Background: Currently, genetic testing is recommended to those patients diagnosed with breast cancer at a young age, with triple negative disease, Ashkenazi ancestry and/or a significant family history of breast, ovarian, prostate or pancreatic cancer. This precludes the opportunity to apply precision medicine approaches to women who do not meet these criteria. Timing and uptake of testing in high-risk patients and frequency of mutation detection in low-risk patients was evaluated in a cohort of women with invasive breast cancer treated at the Murtha Cancer Center of the Walter Reed National Military Medical Center (MCC/WRNMMC), the largest hospital of the Department of Defense health-care system.

Methods: 1,231 women enrolled in the Clinical Breast Care Project of the MCC/WRNMMC 2001-2018 with invasive breast cancer. Genetic risk status was estimated using NCCN BRCA1/2 Testing Criteria. Panel testing was performed in the research laboratory for 1,043 women who had genomic (blood) DNA available. Genetic variants across 94 cancer predisposition genes were classified as pathogenic, variant of unknown significance (VUS) or benign using the ClinVar database.

Results: Using NCCN version 1.2018 criteria, 57.8% of patients were eligible for genetic testing. Uptake of testing within the high-risk group was 40.0%; those who pursued genetic testing were significantly (p<0.001) younger and more likely to be college educated. Time-to-testing ranged from 0 to 15.3 years post-diagnosis and 6.3% of women pursued clinical testing only after a second tumor event. 19.3% of the high-risk women with clinical testing, 7.5% of high-risk women who did not pursue clinical testing and 4.4% of low-risk women carried a pathogenic or likely pathogenic mutation.

Conclusions: More than 4% of breast cancer patients who chose not to pursue or were ineligible for genetic testing harbored pathogenic mutations in cancer predisposition genes. These data suggest that inclusion of panel testing at the time of diagnosis would allow for appropriate surveillance and treatment strategies to be employed to reduce the risk of secondary tumors and improve patient outcome. The contents of this publication are the sole responsibility of the author(s) and do not necessarily reflect the views, opinions or policies of Uniformed Services University of the Health Sciences (USUHS), The Henry M. Jackson Foundation for the Advancement of Military Medicine, Inc., the Department of Defense (DoD), the Departments of the Army, Navy, or Air Force. Mention of trade names, commercial products, or organizations does not imply endorsement by the U.S. Government.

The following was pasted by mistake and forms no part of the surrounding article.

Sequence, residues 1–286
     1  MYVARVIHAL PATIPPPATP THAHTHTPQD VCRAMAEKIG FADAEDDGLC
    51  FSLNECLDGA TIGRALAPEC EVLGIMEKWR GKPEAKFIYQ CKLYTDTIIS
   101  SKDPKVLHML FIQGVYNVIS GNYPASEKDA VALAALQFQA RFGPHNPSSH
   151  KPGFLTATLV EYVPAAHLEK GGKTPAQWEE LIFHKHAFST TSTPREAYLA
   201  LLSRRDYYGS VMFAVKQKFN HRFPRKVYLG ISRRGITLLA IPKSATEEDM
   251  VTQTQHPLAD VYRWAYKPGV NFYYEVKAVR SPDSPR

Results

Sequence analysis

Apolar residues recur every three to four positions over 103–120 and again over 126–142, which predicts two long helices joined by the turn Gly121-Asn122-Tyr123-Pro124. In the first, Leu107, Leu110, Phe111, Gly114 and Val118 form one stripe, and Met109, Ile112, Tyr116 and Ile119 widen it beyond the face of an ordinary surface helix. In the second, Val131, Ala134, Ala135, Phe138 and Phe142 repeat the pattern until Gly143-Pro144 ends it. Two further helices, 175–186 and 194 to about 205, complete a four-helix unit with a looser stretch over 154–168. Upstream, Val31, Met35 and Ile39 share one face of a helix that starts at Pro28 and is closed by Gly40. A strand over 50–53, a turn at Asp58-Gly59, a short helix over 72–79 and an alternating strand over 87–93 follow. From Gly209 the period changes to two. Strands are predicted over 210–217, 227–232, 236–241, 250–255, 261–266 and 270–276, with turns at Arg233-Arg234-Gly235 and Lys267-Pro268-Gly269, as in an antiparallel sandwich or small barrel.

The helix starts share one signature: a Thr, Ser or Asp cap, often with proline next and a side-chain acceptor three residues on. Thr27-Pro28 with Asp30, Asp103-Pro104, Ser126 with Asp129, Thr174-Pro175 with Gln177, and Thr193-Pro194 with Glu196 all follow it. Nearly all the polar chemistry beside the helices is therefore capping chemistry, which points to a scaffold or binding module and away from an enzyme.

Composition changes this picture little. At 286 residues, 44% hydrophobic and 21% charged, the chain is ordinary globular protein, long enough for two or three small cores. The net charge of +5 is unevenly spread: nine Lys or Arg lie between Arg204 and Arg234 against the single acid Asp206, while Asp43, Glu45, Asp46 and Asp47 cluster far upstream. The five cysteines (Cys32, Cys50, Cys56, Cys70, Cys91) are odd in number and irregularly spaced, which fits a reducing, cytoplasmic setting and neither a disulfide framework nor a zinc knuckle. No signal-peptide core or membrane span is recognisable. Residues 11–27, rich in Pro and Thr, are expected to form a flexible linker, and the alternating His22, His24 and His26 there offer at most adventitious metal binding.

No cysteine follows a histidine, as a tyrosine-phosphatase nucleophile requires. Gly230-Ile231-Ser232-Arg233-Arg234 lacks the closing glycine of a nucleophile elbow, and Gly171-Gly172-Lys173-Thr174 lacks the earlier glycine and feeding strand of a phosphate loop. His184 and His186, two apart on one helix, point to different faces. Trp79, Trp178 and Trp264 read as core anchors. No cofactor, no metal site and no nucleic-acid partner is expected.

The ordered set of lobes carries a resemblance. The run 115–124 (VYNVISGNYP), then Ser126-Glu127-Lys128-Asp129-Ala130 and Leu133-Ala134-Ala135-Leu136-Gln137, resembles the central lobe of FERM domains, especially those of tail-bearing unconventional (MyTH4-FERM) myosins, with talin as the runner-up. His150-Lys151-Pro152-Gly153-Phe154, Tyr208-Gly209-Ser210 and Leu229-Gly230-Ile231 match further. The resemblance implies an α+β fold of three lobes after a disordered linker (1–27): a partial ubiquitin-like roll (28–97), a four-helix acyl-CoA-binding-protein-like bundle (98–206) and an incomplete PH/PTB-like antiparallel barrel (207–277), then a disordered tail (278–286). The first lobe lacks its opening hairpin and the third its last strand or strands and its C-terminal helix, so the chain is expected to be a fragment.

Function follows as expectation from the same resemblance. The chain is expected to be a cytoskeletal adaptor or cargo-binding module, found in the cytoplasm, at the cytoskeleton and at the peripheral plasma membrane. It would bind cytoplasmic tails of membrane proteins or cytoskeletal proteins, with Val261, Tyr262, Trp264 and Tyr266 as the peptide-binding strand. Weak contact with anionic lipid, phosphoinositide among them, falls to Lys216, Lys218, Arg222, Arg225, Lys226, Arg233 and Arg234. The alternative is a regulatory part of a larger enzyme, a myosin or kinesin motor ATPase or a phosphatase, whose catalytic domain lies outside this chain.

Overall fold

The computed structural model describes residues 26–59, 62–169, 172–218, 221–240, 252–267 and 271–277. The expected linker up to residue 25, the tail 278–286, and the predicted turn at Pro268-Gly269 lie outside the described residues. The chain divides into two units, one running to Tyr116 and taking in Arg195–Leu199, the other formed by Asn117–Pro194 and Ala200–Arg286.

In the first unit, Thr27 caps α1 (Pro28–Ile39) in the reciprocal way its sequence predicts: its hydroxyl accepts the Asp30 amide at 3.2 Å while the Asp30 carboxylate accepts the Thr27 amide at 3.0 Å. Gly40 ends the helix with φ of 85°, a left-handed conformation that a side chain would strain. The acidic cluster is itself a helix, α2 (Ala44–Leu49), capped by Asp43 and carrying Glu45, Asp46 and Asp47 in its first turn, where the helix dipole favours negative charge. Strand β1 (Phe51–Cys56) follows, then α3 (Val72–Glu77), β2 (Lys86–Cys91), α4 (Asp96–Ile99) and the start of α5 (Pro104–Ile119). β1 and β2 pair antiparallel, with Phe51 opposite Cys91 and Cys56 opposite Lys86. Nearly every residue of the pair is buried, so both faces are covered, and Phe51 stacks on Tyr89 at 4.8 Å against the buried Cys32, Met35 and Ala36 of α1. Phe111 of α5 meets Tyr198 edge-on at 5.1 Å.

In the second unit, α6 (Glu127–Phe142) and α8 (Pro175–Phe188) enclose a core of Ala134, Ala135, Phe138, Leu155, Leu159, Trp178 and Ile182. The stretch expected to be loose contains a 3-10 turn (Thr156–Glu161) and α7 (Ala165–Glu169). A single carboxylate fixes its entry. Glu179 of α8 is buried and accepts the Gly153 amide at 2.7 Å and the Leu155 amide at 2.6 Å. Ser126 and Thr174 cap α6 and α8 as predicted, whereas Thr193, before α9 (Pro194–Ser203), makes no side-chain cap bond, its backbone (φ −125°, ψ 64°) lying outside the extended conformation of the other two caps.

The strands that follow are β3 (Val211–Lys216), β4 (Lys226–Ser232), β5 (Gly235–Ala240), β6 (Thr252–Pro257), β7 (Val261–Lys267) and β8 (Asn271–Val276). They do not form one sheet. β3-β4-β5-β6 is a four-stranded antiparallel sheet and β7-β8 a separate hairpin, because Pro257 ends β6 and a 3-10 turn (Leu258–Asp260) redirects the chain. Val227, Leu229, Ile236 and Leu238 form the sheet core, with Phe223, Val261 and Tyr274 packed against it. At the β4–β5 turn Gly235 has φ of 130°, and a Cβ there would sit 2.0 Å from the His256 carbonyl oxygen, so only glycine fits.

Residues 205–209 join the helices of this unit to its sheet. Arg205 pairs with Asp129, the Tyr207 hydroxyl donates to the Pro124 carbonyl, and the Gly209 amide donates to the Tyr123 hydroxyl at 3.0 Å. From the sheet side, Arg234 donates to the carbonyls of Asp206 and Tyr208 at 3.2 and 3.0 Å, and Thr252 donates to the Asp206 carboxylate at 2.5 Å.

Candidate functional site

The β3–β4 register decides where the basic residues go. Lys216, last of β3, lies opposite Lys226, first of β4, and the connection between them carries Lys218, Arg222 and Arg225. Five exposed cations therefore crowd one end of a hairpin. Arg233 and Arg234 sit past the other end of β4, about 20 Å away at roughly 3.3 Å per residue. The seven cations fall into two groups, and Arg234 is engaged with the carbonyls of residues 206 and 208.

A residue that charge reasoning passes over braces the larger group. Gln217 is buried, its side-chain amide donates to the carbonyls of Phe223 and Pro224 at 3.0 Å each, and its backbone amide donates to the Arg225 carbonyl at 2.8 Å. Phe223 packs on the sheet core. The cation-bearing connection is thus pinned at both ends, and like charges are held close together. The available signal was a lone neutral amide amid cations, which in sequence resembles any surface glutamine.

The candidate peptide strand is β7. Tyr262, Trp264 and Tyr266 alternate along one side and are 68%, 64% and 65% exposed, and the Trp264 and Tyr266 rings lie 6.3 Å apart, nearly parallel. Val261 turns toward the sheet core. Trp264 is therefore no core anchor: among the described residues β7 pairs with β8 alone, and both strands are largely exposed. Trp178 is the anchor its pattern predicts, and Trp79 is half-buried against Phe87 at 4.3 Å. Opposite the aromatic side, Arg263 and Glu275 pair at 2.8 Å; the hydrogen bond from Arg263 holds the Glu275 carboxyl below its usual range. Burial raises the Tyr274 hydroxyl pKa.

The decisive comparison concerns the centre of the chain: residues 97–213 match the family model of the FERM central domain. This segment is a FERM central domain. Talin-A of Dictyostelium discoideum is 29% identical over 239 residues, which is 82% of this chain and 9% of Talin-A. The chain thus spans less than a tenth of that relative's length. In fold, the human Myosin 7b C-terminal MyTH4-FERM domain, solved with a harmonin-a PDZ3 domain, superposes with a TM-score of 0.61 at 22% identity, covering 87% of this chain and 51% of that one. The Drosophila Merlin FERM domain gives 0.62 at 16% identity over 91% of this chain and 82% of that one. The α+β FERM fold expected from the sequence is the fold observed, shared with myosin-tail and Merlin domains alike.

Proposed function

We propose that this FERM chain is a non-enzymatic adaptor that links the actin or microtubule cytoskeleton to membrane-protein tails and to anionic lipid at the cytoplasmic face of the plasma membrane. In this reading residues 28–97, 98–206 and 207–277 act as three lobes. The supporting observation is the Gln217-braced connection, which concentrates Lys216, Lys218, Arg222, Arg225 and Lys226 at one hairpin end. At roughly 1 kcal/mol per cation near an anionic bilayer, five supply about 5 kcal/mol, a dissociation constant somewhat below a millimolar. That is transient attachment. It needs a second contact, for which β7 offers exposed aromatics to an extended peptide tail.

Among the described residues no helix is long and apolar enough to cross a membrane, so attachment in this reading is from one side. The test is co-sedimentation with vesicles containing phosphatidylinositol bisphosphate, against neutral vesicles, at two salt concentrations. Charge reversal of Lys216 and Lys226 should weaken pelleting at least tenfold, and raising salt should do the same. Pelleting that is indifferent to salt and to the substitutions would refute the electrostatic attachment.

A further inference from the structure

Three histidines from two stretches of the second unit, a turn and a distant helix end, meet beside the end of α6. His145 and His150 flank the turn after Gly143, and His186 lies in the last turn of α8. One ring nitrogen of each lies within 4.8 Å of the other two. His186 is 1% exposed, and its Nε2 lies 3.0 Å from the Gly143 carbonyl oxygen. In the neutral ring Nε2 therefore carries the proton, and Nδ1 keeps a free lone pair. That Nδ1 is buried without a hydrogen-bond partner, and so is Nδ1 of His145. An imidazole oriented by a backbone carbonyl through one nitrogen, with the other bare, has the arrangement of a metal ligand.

Citation Format: Seth Rummel, Leann Lovejoy, Clesson Turner, Craig Shriver, Rachel Ellsworth. Should genetic testing for cancer predisposition be standard-of-care for women with invasive breast cancer: The Murtha Cancer Center experience [abstract]. In: Proceedings of the Annual Meeting of the American Association for Cancer Research 2020; 2020 Apr 27-28 and Jun 22-24. Philadelphia (PA): AACR; Cancer Res 2020;80(16 Suppl):Abstract nr 4624.